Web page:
Introduction to Real-Time
Operating Systems (RTOSes)

Your guide to choosing an RTOS for your next embedded system project.

 

What Is an RTOS and How Does It Work?

A real-time operating system (RTOS) is an operating system with two key features: predictability and determinism. In an RTOS, repeated tasks are performed within a tight time boundary, while in a general-purpose operating system, this is not necessarily so. Predictability and determinism, in this case, go hand in hand: We know how long a task will take, and that it will always produce the same result.

RTOSes are subdivided into “soft” real-time and “hard” real- time systems. Soft real-time systems operate within a few hundred milliseconds, at the scale of a human reaction. Hard real-time systems, however, provide responses that are predictable within tens of milliseconds or less.

Taxonomy of operating systems

RTOS VS. OS

An RTOS is a type of operating system, but it is vastly different from the kind most consumers are familiar with. Operating systems in phones or personal computers are, comparatively, bloated with apps and features; they must be able to support anything the user might want to do today. An RTOS, on the other hand, is streamlined, meant to execute its tasks quickly and effectively. It is a fraction of the size, sometimes only a few megabytes (vs. more than 20 gigabytes), with a simple graphical interface, and it lacks many familiar features, such as a web browser.

Real-Time System Characteristics

5 Characteristics of an RTOS
  • Determinism: Repeating an input will result in the same output.
  • High performance: RTOS systems are fast and responsive, often executing actions within a small fraction of the time needed by a general OS.
  • Safety and security: RTOSes are frequently used in critical systems when failures can have catastrophic consequences, such as robotics or flight controllers. To protect those around them, they must have higher security standards and more reliable safety features.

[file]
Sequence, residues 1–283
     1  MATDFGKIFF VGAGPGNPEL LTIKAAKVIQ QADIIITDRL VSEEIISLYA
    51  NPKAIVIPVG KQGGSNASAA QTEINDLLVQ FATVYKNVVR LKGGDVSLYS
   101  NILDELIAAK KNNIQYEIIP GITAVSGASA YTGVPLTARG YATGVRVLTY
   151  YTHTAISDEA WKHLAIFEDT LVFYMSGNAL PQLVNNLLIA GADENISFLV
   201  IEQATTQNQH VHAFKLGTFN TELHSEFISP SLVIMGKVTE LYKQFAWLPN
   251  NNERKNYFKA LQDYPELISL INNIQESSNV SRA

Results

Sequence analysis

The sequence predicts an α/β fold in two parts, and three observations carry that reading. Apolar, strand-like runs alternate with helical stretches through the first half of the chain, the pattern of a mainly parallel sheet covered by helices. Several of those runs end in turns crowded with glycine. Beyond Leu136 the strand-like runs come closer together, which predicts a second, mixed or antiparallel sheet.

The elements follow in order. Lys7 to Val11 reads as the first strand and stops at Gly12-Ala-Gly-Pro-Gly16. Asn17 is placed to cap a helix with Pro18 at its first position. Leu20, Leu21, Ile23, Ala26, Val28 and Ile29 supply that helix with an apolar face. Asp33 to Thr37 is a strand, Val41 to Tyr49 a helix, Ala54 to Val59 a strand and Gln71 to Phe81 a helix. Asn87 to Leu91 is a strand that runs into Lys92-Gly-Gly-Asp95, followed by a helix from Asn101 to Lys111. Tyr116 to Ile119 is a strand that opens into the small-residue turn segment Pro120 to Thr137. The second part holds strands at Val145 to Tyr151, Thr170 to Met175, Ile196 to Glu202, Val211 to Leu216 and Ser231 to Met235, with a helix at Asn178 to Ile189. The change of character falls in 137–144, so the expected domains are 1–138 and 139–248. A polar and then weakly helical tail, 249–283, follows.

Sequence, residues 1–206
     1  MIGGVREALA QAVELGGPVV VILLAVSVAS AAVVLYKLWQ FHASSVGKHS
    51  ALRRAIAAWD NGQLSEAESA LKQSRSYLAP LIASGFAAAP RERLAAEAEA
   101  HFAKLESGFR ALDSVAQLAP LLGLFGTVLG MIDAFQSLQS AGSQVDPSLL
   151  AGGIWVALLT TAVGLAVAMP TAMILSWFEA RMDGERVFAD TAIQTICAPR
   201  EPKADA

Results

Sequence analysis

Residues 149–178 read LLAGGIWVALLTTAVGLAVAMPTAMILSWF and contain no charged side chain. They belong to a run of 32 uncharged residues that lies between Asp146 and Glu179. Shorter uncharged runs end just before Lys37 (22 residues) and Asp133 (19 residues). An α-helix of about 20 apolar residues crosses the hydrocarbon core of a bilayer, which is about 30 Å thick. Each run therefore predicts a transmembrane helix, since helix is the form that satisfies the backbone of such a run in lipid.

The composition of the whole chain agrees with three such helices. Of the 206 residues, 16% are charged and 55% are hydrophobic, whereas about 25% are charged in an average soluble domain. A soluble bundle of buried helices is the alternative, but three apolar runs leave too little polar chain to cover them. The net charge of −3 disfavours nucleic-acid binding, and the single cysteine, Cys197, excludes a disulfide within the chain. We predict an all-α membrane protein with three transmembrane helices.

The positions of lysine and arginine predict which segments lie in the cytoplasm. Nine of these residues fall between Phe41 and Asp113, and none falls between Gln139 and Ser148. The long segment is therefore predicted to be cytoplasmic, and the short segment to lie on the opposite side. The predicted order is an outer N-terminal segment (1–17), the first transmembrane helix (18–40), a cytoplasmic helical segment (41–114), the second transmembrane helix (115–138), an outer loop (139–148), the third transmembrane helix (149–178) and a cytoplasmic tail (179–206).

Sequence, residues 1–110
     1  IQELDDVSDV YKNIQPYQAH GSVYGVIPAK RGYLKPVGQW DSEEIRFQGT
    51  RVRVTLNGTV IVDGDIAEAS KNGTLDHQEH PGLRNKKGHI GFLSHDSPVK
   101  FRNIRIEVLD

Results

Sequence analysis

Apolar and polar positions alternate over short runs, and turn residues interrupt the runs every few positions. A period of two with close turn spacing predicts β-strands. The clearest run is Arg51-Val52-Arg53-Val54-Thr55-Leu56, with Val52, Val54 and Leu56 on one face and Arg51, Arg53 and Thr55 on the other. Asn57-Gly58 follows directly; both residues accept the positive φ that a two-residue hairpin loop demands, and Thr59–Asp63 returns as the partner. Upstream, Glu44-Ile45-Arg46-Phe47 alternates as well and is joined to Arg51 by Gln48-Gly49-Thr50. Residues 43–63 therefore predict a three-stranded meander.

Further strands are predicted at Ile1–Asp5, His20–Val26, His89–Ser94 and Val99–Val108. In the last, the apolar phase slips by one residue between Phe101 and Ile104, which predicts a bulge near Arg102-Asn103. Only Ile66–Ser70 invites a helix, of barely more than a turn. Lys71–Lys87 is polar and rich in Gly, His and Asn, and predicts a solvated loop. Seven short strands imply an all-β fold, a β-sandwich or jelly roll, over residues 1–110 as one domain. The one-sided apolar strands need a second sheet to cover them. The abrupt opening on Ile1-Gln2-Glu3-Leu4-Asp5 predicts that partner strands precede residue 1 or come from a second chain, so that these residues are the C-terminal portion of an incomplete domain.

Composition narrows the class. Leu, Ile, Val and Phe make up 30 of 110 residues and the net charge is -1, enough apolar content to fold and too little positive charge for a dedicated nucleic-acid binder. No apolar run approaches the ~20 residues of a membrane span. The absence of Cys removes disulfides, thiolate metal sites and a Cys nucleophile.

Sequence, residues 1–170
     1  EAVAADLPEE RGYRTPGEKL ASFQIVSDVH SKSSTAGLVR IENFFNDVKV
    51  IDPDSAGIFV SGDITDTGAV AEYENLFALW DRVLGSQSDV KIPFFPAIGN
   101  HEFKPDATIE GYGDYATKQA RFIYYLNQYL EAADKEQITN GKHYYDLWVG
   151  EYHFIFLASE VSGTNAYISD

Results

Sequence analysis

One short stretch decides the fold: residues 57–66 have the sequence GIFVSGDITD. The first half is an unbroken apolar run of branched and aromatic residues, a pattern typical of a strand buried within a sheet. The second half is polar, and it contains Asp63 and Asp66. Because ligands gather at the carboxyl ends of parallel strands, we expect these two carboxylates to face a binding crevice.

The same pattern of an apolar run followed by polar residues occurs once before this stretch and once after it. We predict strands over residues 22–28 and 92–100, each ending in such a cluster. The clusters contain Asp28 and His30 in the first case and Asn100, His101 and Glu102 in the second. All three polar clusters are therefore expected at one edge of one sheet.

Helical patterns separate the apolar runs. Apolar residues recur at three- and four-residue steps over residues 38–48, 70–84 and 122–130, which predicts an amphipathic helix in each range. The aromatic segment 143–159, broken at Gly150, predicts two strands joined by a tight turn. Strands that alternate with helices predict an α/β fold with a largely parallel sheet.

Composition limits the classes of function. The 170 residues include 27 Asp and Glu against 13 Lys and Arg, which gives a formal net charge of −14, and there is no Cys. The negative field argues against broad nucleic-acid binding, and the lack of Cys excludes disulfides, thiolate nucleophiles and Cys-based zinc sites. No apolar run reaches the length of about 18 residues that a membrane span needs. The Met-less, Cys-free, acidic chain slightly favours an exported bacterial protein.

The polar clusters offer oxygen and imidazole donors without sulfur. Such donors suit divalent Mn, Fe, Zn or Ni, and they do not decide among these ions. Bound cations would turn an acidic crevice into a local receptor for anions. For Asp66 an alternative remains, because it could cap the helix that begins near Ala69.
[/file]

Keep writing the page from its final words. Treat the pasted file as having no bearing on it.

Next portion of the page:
• Priority-based scheduling: Priority scheduling means that actions assigned a high priority are executed first, and those with lower priority come after. This means that an RTOS will always execute the most important task.
  • Small footprint: Versus their hefty general OS counterparts, RTOSes weigh in at just a fraction of the size. For example, Windows 10, with post-install updates, takes up approximately 20 GB. VxWorks®, on the other hand, is approximately 20,000 times smaller, measured in the low single-digit megabytes.
DIFFERENCES AND SIMILARITIES BETWEEN AN EMBEDDED SYSTEM AND AN RTOS

An embedded system is a computer that is embedded into a larger machine — for example, the microcontroller on a robotic arm. In noncritical systems with some timeline flexibility, developers can use an open source general-purpose OS (GPOS) such as Linux. Linux is full featured, flexible, and well known. In a critical system (whether that means safety critical or mission critical), developers opt for real-time operating systems. The characteristics that set an RTOS apart are often essential to success. For instance, a robotic arm in a factory needs to be predictable and reliable, and it must be able to stop immediately when employees enter its area of operation. Variability can result in wasted resources, quality-control issues, or injury.

A robotic arm must be able to stop immediately when employees enter its area of operation.

RTOS Use in Embedded Systems

Due to its benefits, a real-time operating system is most often used in an embedded system — that is, a system that operates behind the scenes of a larger operation. The RTOS usually has no graphical interface. Occasionally, multiple OSes are integrated simultaneously, to provide operational capability coupled with the usability of a general-purpose OS.

RTOSes are often in intelligent edge devices, also known as electromechanical edge or cyber-physical systems. This means that the device is both producing and operating upon data. So a car, for example, would be able to monitor its surroundings and act upon them instantaneously on its own. Such devices often couple artificial intelligence or machine learning, or both, with real-time components to increase the capabilities of the underlying structure.

An autonomous car needs to be able to monitor its surroundings and act upon them instantaneously on its own.

FEATURES AND ADVANTAGES OF AN RTOS

An RTOS is small, fast, responsive, and deterministic. This means that it will execute tasks quickly and efficiently, responding as expected every time. Due to the significance of its host device, the RTOS infrastructure is more secure and less likely to crash or fail. Finally, an RTOS is developer oriented, meaning that it continues to roll out updates that help users code more effectively.

Benefits and Risks of a Commercial vs. In-House RTOS